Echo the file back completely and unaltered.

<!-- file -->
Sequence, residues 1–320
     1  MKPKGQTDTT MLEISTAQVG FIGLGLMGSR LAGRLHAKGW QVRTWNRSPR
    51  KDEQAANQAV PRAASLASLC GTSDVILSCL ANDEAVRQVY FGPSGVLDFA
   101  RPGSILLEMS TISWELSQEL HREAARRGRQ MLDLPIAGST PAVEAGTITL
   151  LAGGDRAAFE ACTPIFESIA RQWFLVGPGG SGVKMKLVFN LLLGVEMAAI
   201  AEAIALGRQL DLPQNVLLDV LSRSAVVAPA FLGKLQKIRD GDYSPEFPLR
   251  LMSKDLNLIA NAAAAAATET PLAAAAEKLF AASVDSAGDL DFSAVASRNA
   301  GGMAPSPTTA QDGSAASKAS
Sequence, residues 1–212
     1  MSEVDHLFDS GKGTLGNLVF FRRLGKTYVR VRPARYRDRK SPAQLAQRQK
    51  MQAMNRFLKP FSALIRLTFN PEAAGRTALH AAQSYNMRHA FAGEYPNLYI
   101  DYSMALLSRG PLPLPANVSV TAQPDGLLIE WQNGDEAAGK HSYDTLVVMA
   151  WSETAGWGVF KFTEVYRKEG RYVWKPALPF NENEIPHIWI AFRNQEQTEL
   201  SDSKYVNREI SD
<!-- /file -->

Sequence, residues 1–320
     1  MKPKGQTDTT MLEISTAQVG FIGLGLMGSR LAGRLHAKGW QVRTWNRSPR
    51  KDEQAANQAV PRAASLASLC GTSDVILSCL ANDEAVRQVY FGPSGVLDFA
   101  RPGSILLEMS TISWELSQEL HREAARRGRQ MLDLPIAGST PAVEAGTITL
   151  LAGGDRAAFE ACTPIFESIA RQWFLVGPGG SGVKMKLVFN LLLGVEMAAI
   201  AEAIALGRQL DLPQNVLLDV LSRSAVVAPA FLGKLQKIRD GDYSPEFPLR
   251  LMSKDLNLIA NAAAAAATET PLAAAAEKLF AASVDSAGDL DFSAVASRNA
   301  GGMAPSPTTA QDGSAASKAS
Sequence, residues 1–212
     1  MSEVDHLFDS GKGTLGNLVF FRRLGKTYVR VRPARYRDRK SPAQLAQRQK
    51  MQAMNRFLKP FSALIRLTFN PEAAGRTALH AAQSYNMRHA FAGEYPNLYI
   101  DYSMALLSRG PLPLPANVSV TAQPDGLLIE WQNGDEAAGK HSYDTLVVMA
   151  WSETAGWGVF KFTEVYRKEG RYVWKPALPF NENEIPHIWI AFRNQEQTEL
   201  SDSKYVNREI SD